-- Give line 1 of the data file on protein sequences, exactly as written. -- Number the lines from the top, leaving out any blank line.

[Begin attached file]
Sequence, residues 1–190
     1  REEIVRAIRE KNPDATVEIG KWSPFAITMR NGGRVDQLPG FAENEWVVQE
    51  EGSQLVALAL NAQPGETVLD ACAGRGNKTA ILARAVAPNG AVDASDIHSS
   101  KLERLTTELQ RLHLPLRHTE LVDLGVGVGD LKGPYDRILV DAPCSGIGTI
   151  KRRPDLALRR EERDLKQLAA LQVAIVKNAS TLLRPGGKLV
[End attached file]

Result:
Sequence, residues 1–190